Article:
Clover as a living mulch? Any of y'all done it? Will it out compete Bermuda?


#1

Hey folks,

My trees are currently being mulched by shredded cedar/cypress. Unfortunately, it’s a losing battle keeping Bermuda out of it. Do y’all think planting clover seed around the base of the trees would be a successful way to keep the Bermuda at bay and increase the nitrogen to the plants?

If so, a few questions:

  • Any specific varieties for my area(8a, east of Dallas, Texas)?
  • How will it do in shaded conditions?
  • How will it do with full sun?
  • Will it spread into the rest of the yard?

#2

I am trying creeping thyme for the same purpose but it isn’t fully established yet so I can’t tell you how well it has worked.

The purists will tell you that mulch is always best because any kind of growth under/around trees will compete with the tree for nutrients but I am willing to trade some productivity for better aesthetics and hopefully less maintenance over the long-run. (especially since I am a backyard grower and just don’t need an immense amount of fruit per tree)


#3

Cant speak to the clover but landscape fabric works great for keeping weeds at bay.


#4

I’ve heard clover is not good because the bees will work the flowers all summer and catch the effects from spraying. If you don’t spray pesticide, maybe this point is moot???


#5

Bermuda will scoff at clover and will rapidly colonize landscape fabric, growing up/down through it


#6

Here in South Central Texas, our experience is similar to @Lucky_P. your clover will do ok until the first heat / lack of rain hits hits, and then croak. It is great to fall plant through maybe March or April (depending on rainfall / temps), but don’t expect it to keep the Bermuda at bay through spring / summer.


#7

Not much of a mulch for me if it’s dead through summer. That kind of kills the plans. Thank you. Have you found anything else that works well as a living mulch?


#8

Is your goal total organic? Are you ok with 2 sprayings of round up per year? I use grass clippings from an area of the yard that is overly vigorous to help control the spread of grasses around the trees (FREE MULCH!!!), and spray a ~2’ wide by orchard length long strip (When I mow I also blow the grass clippings of the rows onto the trees). I guess i should ask about your layout as well (are your trees in a row?), as that will dictate methods that will work for ya! A lot of our native grasses are less vigorous as well, and don’t compete, like buffalo grass, three awn, etc… but will be drown out by bermuda if you do not exclude it…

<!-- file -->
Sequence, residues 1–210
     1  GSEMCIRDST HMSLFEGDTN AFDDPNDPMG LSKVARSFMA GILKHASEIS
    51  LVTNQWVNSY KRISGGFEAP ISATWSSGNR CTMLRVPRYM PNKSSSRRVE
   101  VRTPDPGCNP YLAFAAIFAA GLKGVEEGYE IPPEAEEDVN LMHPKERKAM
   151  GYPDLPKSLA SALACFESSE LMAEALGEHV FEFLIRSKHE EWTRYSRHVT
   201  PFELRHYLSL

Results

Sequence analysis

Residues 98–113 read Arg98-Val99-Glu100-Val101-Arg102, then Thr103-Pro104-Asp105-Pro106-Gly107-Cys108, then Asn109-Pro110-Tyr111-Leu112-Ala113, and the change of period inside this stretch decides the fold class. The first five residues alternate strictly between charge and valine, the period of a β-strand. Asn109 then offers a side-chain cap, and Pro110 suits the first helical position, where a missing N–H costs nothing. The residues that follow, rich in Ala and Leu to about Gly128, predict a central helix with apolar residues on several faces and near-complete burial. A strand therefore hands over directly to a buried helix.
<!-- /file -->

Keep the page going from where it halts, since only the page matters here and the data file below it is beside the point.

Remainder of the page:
#9

Well, sort of on the organic, more of on the money saving and trying to stop buying so much fertilizer. I figured this would stop the encroachment of Bermuda into the areas of my trees/vines/brambles and add something beneficial at the same time. I’m worried all the Bermuda is going to affect all my plants’ growth and fruiting. I’m not willing to spray Round Up, although it’s not because I think it’s horrible. I just haven’t done my own research on using it. My layout is…well, all over the place with mulching done via shredded cypress/cedar out about a foot or so for every tree.

Here’s my little map of my backyard.


#10

Clover is excellent living mulch but I do like to mow it Cover crop and mulch recommendations


#11

IF you could completely kill ALL bermuda from your yard… then I would go for it, replace with a carpet grass as I assume you are in a higher rainfall area (more than 30"). It does great in shade as long as it is not complete shade all day (either dappled shade, or morning or afternoon sun are ideal, low maintenance spots for carpet grass to grow down here, full sun needs supplemental water during our droughts). Our yard at the farm has carpet grass growing under two 100ish year old post oaks to about 20’ past their drip line with no irrigation (they love the dappled shade), just natural rainfall of ~30"/year, and has been that way for 30+ years since mom and dad bought the place; sailed through the drought of 2011-2015. The carpet grass will spread during wet years, and retreat to the normal dripline +20’ during dry years. It’s aggressive enough to drown out other grasses / weeds, but not as agressive as bermuda in sucking up moisture / nutrients from your trees, and MUCH EASIER to either trim or spray back (once a year usually will keep it in it’s place). I don’t know where you are in 8A, but i know that 8 is it’s northern limits, so you will want to check and make sure from a local source!